A gripping story of adding value to robot capabilities

by | Apr 11, 2023 | News

Modern robots are fascinating to watch, and their capabilities improve on an almost daily basis. But without the clever stuff at the end of the arm, they are just that… arms. David Jahn explains that to truly unlock the massive potential behind robots, you need to make sure that your end effectors really are up to the job.

About David Jahn

Focused on serving the fresh-produce sector, David Jahn, co-owner of Brillopak with business partner Peter Newman, is passionate about assisting packhouses to address labour shortages, profitability and operational efficiency.

Part entrepreneur, part innovator, part director, David has a good grasp of how economic and political decisions impact business and society globally, particularly in the logistics, manufacturing and packing sectors.

Building systems for a diverse client base – including leading UK supermarkets, SME food factories, and contract packers – David gets that no single approach to automation is right for every business or budget. He provides a fresh perspective and insight, applying his previous experience gained from launching a business, being a technology company Board Director and working in risk-management consultancy.

According to anthropologists, it was the evolution of opposable thumbs that set our distant ancestors apart from the rest of the animal kingdom, and you can understand why. The ability to grip things transformed dexterity and helped to give us an essential leg up in the food chain.

Over time, our hands have evolved into incredibly agile bodily accessories that are capable of myriad tasks, which is why, unsurprisingly, that engineers have attempted to emulate these capabilities and then deploy them in automated operations.

Dexterity from understanding

But to mimic the dexterity of a human hand, you need have deep understanding, not just of the actual hand or end effector and its capabilities (and, indeed, its limits), but also the motion envelope and profile of the arm it is attached to and the physics and dynamics of what you’re going to be gripping. This is where it starts to get interesting.

Only by studying all three can you ever hope to come close to emulating humans. But the good news is, once you’ve achieved this, you can then leverage all the advantages of automation for what have traditionally been manual or semi-manual processes, such as end-of-line packaging.

Low-tech product, high-tech solution

Believe it or not, the fresh produce market brings out the best in robotic technology. Just because the end product is not high-tech, it doesn’t mean that the amount of effort that went into developing its packaging routines was simple – far from it. Indeed, I would argue that some of the lines that we develop are actually more high-tech than those used in the pharmaceutical industry.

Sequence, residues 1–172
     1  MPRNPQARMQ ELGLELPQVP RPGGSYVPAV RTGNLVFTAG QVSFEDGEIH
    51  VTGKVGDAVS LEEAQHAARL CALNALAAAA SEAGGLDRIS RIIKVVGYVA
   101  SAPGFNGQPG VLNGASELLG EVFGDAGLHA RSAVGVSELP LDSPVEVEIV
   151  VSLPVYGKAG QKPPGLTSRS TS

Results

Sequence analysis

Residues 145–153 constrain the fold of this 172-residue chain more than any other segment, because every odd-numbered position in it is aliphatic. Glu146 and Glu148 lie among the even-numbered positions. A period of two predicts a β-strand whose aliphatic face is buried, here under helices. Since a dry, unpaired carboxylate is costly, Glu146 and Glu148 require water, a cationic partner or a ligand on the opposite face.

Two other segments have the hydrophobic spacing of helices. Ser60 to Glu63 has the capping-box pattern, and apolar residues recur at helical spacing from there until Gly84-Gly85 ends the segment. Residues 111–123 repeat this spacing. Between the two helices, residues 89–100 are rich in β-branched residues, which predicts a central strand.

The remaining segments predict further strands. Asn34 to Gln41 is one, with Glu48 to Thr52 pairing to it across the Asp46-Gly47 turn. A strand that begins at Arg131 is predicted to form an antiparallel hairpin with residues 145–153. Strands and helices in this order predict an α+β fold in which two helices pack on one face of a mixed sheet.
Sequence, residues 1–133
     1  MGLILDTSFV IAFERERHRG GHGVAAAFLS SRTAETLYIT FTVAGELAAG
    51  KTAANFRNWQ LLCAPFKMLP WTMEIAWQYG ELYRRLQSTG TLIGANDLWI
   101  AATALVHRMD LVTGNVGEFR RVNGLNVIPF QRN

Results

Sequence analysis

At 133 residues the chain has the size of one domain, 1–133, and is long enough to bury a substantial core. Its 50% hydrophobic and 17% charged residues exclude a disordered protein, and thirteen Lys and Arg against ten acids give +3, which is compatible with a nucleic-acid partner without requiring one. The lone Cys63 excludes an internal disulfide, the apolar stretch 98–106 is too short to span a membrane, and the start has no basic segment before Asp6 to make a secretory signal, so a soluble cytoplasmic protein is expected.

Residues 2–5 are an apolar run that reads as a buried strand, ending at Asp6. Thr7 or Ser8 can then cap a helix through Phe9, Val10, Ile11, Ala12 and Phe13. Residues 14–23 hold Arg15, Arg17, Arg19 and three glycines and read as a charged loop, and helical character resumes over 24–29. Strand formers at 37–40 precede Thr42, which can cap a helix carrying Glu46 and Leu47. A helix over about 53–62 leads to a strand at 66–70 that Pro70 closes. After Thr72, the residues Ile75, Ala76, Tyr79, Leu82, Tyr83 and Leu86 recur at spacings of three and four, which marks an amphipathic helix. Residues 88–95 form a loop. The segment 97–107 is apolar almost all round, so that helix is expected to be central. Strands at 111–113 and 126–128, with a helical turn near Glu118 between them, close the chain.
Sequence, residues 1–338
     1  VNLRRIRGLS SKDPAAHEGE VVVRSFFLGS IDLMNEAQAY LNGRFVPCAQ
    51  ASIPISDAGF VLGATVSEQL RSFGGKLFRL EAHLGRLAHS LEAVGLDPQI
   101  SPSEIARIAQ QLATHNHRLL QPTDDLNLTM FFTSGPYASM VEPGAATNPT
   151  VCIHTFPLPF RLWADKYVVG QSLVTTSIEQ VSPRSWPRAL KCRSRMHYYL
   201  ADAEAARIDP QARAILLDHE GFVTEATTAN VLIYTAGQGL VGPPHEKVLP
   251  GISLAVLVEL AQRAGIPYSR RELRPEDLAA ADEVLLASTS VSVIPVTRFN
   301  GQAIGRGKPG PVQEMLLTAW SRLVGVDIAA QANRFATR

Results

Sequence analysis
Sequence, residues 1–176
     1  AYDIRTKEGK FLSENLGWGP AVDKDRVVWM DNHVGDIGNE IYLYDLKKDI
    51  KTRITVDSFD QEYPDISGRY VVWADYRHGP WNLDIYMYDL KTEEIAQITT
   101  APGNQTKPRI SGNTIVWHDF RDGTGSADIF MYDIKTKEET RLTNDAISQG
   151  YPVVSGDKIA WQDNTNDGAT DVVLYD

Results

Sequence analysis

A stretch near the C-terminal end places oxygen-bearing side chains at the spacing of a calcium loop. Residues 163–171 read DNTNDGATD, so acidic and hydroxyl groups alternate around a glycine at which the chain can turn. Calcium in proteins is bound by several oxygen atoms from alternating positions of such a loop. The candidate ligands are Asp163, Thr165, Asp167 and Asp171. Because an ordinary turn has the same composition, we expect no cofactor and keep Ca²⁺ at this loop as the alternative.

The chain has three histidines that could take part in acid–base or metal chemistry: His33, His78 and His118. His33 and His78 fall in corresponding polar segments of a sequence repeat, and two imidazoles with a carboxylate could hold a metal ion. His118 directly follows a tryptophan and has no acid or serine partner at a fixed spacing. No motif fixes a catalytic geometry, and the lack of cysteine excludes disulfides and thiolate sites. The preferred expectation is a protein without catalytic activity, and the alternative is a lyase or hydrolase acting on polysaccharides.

Why? Fresh fruit and vegetable packaging presents some of the most diverse challenges to automation, so much so that we have seen technology from many competing companies fail, even after significant post-installation remedial action.

It’s the random nature of the individual items and the physics of the bagged and punnet-packed products that present the issues. Some work with vacuum end effectors, others will need fingers – even though they may appear to be similar products. Some will require exacting motion profiles and precision acceleration/deceleration curves. And knowing how and why to make these decisions and what to use is a major part of the process. One that can only come from significant domain expertise.

Patented technology

We’ve been researching, making, testing, deconstructing, rebuilding and commercialising this end-effector technology for nearly 25 years – and we are still learning! It really is an art, and in our case has led to the development and patenting of a pneumatic vacuum head that is actually smaller than most of the products it picks, giving it the flexibility and range of motion to get inside creates, while still supporting the product.

Interestingly, our extensive experience in the fresh produce sector, where vegetables change shape and size on an almost daily basis, has meant that we can pack most products from most sectors with relative ease. 

This experience means we can set up feasibility studies for new customers or new products really quickly. We’ve packaged countless items into so many packaging styles that our engineers’ ability to instantly appraise an application is becoming innate.

We’re great believers in the holistic approach to case-packing automation, an ethos that looks at every facet of the application, not just now but into the future too, so a phased approach can be deployed to make automation investment less risky and more palatable form a Capex perspective. The same holistic approach needs to be taken for end effector design too.

Plastic replacement

Consistency is the key here. You need an automated end-of-line packaging solution that can pick consistently, place accurately across multiple SKUs and do so reliably and at speed. This takes real skill. Now imagine you have to do all this without plastic packaging, which supports a superb vacuum. Other companies will already be struggling. Not us, we’ve got it well in hand and can actually do both with our latest TrayPAKer machine.

Our machines and approach to automation installation have revolutionised operations at major produce distribution locations around the UK. But you don’t have to take our word for, just look at the case studies.

If we’ve piqued your interest, why not give us a call. We can set up trials and take you through a step-by-step approach before any type of commitment. Imagine what we could achieve together. Contact us HERE.